Pakistan is obverving a day of prayer today for 14-year-old Malala Yousafzai, a girls' education activist who was shot in the head by the Taliban earlier this week and has since become something of a global icon.
Here's how the BBC describes the day of prayer, which coincides with the widespread condemnation of the attack inside the country and out of it:
On Friday, school children dedicated prayers to her recovery in morning assemblies and she was also remembered during weekly prayers at mosques across the country.
Many prayer leaders condemned the attack, including the chief cleric of Pakistan's largest mosque, Shahi Masjid, in Lahore. He called the young activist an "ambassador of peace and knowledge'".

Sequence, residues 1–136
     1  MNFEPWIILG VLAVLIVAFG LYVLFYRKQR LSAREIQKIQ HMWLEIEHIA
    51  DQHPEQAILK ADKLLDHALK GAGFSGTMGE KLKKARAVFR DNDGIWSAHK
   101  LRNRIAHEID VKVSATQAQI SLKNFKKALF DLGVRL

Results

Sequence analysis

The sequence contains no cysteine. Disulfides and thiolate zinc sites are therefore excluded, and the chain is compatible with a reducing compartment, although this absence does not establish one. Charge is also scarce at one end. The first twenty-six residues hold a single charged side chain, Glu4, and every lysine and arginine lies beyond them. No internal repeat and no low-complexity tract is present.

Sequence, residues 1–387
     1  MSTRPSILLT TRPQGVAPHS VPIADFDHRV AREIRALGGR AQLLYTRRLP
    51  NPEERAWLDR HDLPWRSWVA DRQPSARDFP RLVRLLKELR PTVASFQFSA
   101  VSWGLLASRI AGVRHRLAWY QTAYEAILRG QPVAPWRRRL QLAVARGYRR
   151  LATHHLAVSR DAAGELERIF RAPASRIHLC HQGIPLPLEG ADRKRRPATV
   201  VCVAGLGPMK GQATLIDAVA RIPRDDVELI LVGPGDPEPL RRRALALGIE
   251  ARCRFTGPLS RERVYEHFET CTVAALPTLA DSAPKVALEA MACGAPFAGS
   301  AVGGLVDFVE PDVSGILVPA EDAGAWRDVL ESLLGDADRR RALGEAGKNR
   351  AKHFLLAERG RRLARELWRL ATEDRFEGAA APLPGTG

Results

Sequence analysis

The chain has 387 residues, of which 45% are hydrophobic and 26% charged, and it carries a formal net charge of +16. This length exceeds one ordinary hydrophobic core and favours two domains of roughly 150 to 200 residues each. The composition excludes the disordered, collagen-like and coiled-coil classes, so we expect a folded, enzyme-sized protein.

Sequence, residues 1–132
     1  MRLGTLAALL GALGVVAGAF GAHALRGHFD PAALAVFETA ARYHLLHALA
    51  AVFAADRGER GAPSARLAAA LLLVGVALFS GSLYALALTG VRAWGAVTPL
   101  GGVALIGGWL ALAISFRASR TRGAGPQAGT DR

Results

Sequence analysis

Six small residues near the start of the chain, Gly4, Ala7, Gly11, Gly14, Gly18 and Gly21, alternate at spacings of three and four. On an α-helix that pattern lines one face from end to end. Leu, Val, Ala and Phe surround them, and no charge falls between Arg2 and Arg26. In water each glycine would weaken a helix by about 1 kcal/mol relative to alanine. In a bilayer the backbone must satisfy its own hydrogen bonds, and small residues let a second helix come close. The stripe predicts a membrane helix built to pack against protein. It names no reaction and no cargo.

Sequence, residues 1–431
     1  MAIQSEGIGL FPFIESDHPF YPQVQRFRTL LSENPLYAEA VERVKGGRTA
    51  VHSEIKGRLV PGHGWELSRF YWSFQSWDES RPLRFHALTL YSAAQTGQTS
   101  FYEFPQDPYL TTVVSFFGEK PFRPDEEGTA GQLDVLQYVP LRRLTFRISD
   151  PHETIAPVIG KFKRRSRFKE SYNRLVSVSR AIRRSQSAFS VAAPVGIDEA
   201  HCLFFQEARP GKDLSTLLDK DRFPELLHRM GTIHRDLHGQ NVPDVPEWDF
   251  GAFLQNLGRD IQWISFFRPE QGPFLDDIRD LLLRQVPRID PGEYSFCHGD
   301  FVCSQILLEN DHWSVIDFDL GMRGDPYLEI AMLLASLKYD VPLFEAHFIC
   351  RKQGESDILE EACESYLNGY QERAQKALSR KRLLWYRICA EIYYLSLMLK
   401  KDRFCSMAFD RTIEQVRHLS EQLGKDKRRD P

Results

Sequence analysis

Malala blogs about girls' education in Pakistan, something that the Taliban opposes. That's why she was targeted. For more on the context and implications of the shooting, check out William J. Dobson's piece over at XX Factor. He writes:
It’s not just the symbolism of a young girl challenging their retrograde Islamist vision that should frighten them. The substance of her ideas is lethal, too. Studies suggest that educating girls is about the closest thing we have to a silver-bullet solution for countries suffering from poverty, instability, and general inequity—or, in other words, the very conditions that allow a group like the Taliban to thrive.
Local police, meanwhile, have arrested four suspects in the attack, according to the BBC. Malala's condition is still critical as she recovers from surgery.
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